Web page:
Curiosity is the quality that urges a child to keep finding out more, to connect actions with outcome, people with feelings. Wondering why is the powerful engine that drives discovery.
- Stanley Greenspan, MD, Author, and Founder of DIR®/Floortime™ Method
DIR® was developed by Drs. Stanley Greenspan and Serena Weider. Greenspan and Weider studied typical development for the National Institute of Health for many years and they were able to break it down into levels, noting the types of interactions at each stage that best support healthy, robust development. DIR® strives to assess the child’s function in relation to these levels of development. Strategies are used within playful interactions to facilitate robust growth in all developmental domains. In children with developmental difficulties, DIR® provides a framework to determine where the child veered off the typical development path. The child’s sensory profile as also assessed. DIR® then uses a variety of interventions (speech therapy, occupational therapy, biomedical intervention, listening therapies, and Floortime™), all geared to help the child get back on the path of typical development, to improve sensory and emotional processing, and to fill holes in development so that the foundations for healthy learning and relationships are in place.
RESEARCH SUPPORT FOR DIR/FLOORTIME
The developmental levels, as created and defined by Dr. Stanley Greenspan and Dr. Serena Wieder are:
Level 1: Shared Attention and Regulation – This process begins immediately after birth. As the baby takes in sensory experiences, they must learn to distinguish different sounds, smells, and sights. And, they must learn how to organize themselves in the presence of a variety of stimuli. If those early sensory experiences are overwhelming, though, the baby can tune out the world and lose their desire to interact. Or, they can be in a consistent state of hyper-arousal. This stage focuses on the child’s ability to regulate his or her attention and behavior while being interested in the full range of sensations (sights, sounds, smells, their own movement patterns, etc.). The child’s ability to enter into a state of shared attention with another person. This is a child’s ability to process their environment, filter out distractions, engage with others, and attend to play or tasks (ex. pay attention in the classroom).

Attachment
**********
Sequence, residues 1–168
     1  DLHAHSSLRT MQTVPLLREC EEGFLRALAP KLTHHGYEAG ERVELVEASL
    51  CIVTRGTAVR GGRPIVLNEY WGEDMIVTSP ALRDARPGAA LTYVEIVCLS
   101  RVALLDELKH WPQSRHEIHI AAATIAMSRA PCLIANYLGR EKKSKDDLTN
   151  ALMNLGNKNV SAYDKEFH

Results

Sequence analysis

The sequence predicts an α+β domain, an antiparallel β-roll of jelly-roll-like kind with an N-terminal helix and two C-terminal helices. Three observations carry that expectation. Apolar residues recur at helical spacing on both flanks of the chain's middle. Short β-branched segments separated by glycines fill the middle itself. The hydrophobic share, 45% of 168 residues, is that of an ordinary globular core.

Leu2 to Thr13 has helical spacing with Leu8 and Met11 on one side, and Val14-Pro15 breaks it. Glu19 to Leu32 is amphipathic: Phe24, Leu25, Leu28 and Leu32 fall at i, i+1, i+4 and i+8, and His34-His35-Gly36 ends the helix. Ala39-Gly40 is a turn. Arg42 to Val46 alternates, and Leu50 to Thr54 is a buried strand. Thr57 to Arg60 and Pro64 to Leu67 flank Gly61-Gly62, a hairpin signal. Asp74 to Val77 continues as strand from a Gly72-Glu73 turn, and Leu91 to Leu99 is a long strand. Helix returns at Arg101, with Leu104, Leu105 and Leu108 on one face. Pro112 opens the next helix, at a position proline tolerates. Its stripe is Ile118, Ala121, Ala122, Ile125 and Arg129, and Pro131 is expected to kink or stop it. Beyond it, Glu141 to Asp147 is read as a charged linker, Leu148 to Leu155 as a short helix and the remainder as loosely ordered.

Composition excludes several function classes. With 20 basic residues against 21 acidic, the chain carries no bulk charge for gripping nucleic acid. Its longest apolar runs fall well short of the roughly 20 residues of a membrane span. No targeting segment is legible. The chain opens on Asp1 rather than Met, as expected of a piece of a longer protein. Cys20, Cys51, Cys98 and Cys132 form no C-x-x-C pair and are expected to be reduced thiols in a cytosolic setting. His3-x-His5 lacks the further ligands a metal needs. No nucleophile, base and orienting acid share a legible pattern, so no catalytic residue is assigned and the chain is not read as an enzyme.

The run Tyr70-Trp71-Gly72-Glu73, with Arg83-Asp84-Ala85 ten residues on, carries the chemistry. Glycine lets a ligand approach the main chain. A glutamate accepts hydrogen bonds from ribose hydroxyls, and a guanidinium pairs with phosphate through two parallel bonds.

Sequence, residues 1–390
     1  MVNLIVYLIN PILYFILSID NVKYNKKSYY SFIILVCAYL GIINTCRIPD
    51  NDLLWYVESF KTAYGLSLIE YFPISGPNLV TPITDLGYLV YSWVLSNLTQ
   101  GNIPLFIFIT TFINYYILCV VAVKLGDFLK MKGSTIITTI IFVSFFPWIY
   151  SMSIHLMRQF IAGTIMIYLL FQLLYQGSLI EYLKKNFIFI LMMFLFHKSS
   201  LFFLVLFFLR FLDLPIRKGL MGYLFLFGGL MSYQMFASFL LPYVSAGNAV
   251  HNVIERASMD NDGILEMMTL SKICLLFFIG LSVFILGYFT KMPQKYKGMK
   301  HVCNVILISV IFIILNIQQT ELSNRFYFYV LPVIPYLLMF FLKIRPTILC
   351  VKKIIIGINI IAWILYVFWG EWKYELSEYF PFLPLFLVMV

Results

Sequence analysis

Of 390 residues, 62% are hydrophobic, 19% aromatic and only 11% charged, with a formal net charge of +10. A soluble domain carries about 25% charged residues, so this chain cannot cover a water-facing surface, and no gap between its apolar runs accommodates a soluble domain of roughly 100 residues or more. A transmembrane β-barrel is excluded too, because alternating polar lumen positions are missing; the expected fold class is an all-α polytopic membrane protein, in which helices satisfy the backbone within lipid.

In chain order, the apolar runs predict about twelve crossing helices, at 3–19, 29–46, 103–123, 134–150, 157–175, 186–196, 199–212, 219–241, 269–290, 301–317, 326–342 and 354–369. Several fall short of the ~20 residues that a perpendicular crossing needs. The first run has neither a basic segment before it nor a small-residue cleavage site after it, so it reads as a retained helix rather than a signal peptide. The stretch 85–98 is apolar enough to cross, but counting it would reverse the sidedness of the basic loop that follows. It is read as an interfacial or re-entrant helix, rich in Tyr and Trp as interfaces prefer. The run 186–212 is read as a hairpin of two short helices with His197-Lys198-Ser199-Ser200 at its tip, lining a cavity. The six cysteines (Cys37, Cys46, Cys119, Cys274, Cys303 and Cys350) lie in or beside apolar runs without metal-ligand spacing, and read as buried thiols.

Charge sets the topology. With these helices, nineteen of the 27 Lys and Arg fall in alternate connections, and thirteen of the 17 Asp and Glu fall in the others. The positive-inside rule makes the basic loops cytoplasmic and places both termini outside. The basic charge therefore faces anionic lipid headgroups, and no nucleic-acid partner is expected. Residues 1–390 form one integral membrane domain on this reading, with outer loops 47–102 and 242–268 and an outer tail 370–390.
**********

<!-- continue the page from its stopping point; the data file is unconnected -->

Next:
Level 2: Engaging and Relating – Babies next begin learning how to express themselves to be understood and are beginning to experience the joy of an engaging relationship. They learn that coos bring mom, and that cries can, too, but in different ways. They are beginning to experience different emotions and to distinguish between them. Babies of this age are able to obtain joy from interactions that are nurturing and responsive and to are beginning to actively engage in relationships. The related feelings, such as assertiveness or sadness, can be incorporated into the quality of engagement and the stability of the child’s engagement (ex. does he/she withdraw or become aimless when under stress?).